The time is now for systems integrators

Labor and skills shortages justify increased automation; SIs occupy key position in today’s supply chains; SI Giants embrace the opportunities,

By Kevin Parker December 13, 2023

System integration insights

  • Manufacturing faces a potential shortage of 2.1 million jobs by 2030 due to lacking expertise.
  • System integrators, now diverse in size and focus, are playing a pivotal role in addressing labor shortages.

According to a 2021 assessment from Deloitte, the manufacturing industries are hobbled by a skills gap that could leave as many as 2.1 million manufacturing jobs unfilled by 2030. In response to that challenge, systems integrators (SIs) offer goods producers’ access to highly trained resources and advanced technologies, which otherwise might not be available.

The SI Giants chart supplies important information regarding the wide variety of systems integrators ready to address the opportunities and challenges facing American industry, and specifically manufacturing.

View the 2024 System Integrator Giants.

Integrators combine sophistication regarding technology innovation with practical, hands-on experience. Collaborating with systems integrators is the means to significant productivity improvement powered by automation and information and operations technology (IT/OT) convergence.

What’s wanted

What’s more, with the proliferation of the industrial Internet of Things (IIoT), cloud computing and analytics, and the dawn of AI-based applications, some experts say there’s more technology innovation coming to light at the moment than any time since the introduction of programmable logic controllers (PLC), enterprise resources planning (ERP) and computer-aided design (CAD) in the 1980s.

Karen Griffin is vice president of Hargrove Controls & Automation, the SI branch of the larger EPC firm. She is also chair of the Control Systems Integrators Association (CSIA).

When it comes to Industry 4.0, Griffin says Hargrove clients sometimes want to implement a specific technology but more often they want support generating a roadmap that determines future directions and then help implementing the necessary steps.

“The technology supplier sales force inundates manufacturers with different options. The technologies are on display at trade shows, each promising significant return on investment. But when it comes down to the implementation, some crucial factors to consider are if the facility is ready, if the workers are properly trained, and if the workflow is appropriate to accommodate the new technology.”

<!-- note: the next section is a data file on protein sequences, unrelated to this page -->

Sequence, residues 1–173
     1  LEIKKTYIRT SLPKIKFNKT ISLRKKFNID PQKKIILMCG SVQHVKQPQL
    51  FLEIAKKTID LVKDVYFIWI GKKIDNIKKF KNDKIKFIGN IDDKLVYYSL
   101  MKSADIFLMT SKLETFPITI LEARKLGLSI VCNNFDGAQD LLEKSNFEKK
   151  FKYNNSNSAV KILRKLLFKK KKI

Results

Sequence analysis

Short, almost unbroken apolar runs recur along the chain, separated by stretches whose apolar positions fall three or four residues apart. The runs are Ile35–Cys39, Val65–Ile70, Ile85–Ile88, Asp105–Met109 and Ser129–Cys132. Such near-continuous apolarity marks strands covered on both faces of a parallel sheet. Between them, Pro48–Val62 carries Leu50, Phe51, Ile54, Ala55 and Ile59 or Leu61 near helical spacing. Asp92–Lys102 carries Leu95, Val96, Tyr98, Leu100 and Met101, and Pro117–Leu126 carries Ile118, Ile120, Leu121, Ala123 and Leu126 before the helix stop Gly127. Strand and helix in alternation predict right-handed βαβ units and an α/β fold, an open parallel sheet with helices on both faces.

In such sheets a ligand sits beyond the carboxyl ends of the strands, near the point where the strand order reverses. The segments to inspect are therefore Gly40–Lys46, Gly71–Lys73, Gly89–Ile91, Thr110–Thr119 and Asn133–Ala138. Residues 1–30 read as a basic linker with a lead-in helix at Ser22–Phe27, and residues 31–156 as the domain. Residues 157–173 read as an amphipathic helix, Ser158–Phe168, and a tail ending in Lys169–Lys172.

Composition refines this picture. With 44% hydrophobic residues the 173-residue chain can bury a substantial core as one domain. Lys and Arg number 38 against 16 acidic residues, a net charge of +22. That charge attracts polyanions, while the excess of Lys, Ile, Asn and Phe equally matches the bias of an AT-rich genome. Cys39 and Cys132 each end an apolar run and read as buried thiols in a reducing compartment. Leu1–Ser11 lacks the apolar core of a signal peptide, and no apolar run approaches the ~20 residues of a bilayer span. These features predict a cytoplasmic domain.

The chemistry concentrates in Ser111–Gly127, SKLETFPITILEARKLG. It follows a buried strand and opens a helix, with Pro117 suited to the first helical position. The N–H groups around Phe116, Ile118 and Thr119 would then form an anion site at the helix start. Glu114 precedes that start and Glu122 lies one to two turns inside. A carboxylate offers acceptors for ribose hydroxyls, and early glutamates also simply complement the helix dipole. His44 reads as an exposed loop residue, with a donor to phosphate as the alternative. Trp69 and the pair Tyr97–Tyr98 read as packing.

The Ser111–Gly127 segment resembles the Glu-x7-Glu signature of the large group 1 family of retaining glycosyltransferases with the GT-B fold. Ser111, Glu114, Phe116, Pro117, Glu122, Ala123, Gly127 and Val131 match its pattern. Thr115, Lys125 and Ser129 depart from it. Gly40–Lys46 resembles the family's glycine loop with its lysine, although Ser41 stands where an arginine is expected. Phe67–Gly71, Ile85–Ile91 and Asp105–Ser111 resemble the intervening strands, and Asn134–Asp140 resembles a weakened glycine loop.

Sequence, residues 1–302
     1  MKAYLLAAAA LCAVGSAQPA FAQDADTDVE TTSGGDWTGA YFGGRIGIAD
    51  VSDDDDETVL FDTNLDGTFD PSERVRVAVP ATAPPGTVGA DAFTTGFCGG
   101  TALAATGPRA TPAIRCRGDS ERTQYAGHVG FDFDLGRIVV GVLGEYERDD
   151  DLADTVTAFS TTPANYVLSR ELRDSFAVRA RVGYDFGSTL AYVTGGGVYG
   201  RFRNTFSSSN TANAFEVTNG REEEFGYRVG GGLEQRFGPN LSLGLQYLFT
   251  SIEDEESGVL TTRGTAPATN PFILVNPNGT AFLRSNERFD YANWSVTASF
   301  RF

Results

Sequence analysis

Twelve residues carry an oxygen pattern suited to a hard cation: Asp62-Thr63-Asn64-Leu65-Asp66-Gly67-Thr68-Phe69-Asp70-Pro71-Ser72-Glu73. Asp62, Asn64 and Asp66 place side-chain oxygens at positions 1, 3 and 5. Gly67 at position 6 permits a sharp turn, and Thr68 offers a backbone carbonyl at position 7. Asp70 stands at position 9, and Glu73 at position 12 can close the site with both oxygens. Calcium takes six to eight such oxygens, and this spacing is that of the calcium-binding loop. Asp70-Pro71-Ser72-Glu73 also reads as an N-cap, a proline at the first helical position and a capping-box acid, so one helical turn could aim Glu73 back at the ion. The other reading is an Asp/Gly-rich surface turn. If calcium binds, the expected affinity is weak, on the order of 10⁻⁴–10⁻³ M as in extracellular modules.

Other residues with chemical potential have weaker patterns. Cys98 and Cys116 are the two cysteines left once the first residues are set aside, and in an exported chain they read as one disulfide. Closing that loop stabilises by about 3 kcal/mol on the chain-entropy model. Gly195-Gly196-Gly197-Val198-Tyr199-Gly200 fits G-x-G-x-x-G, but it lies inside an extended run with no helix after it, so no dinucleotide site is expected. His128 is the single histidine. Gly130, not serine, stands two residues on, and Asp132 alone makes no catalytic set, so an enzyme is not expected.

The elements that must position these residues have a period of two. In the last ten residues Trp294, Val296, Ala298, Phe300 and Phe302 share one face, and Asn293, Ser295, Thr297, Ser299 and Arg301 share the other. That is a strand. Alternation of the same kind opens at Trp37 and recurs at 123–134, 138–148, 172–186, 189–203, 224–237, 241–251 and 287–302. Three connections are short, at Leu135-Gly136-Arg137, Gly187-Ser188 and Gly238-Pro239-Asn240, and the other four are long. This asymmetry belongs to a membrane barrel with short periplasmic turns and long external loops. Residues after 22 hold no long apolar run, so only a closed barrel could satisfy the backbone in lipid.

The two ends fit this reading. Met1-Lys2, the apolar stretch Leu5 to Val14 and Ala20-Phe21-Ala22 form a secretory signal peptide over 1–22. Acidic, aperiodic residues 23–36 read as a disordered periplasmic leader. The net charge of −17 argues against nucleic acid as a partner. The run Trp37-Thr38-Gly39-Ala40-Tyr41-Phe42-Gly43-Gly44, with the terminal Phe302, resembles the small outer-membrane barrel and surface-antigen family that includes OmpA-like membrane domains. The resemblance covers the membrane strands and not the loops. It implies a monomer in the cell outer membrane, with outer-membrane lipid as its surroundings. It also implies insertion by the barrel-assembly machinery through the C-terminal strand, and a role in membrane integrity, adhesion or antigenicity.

Market characteristics

SIs come in all different shapes and sizes. Some are part of much larger engineering, procurement and construction (EPC) companies. One common way of classifying SIs is by industries and geographies covered. An SI may be operations, enterprise or supply-chain centric.

Jose Rivera is CEO of the CSIA. CSIA, a CFE Media and Technology content partner, contributes to the November/December GSIR and is the only association committed to helping SIs build successful businesses through its certification and other programs.

“Systems integrators have a role in helping U.S. manufacturers address labor and skills shortages,” Rivera said. “Besides reshoring, the infrastructure bill and renewables demand are impacting U.S. manufacturing. Greater use of automation can help manage costs, improve quality and ensure safety.”

System integrators are more diverse today than in the past. For example, SCADA used to be almost solely a plant-floor concern. Today, it’s less about individual workers as it is about a range of functions having an interest in plant-floor data.

“SIs have changed. In the past they were mainly small companies doing similar things. Today, what SIs contribute is more diverse in terms of talent, training, project management and more,” Rivera said.

Hands-on training

Skilled labor shortages will be addressed by market mechanisms that attract talented individuals to higher paying jobs. It’s also the case that what’s needed isn’t so much specific skill sets as individuals equipped with a propensity to learn.

According to the World Economic Forum, the top 10 skills for the future include complex problem solving, critical thinking, creativity, active learning, emotional intelligence, technology systems analysis and service orientation.

“When evaluating for competency, we look for people who are technologically minded and who have the ability to think logically, to come up with technical solutions. Many in automation are either from degreed engineering fields or have worked their way up through the field. Both can be equally capable because it’s really more about how you think and how you solve problems,” Griffin said.

That means, for example, there can be many avenues by which to train people equipped with this propensity, in school or otherwise.

“We learn on the job throughout our careers,” Griffin said. “It’s not a field to choose because you want to get good at something and do that for the rest of your career. In this technology-driven environment, about the time you master your job, it changes.”


Author Bio: Senior contributing editor, CFE Media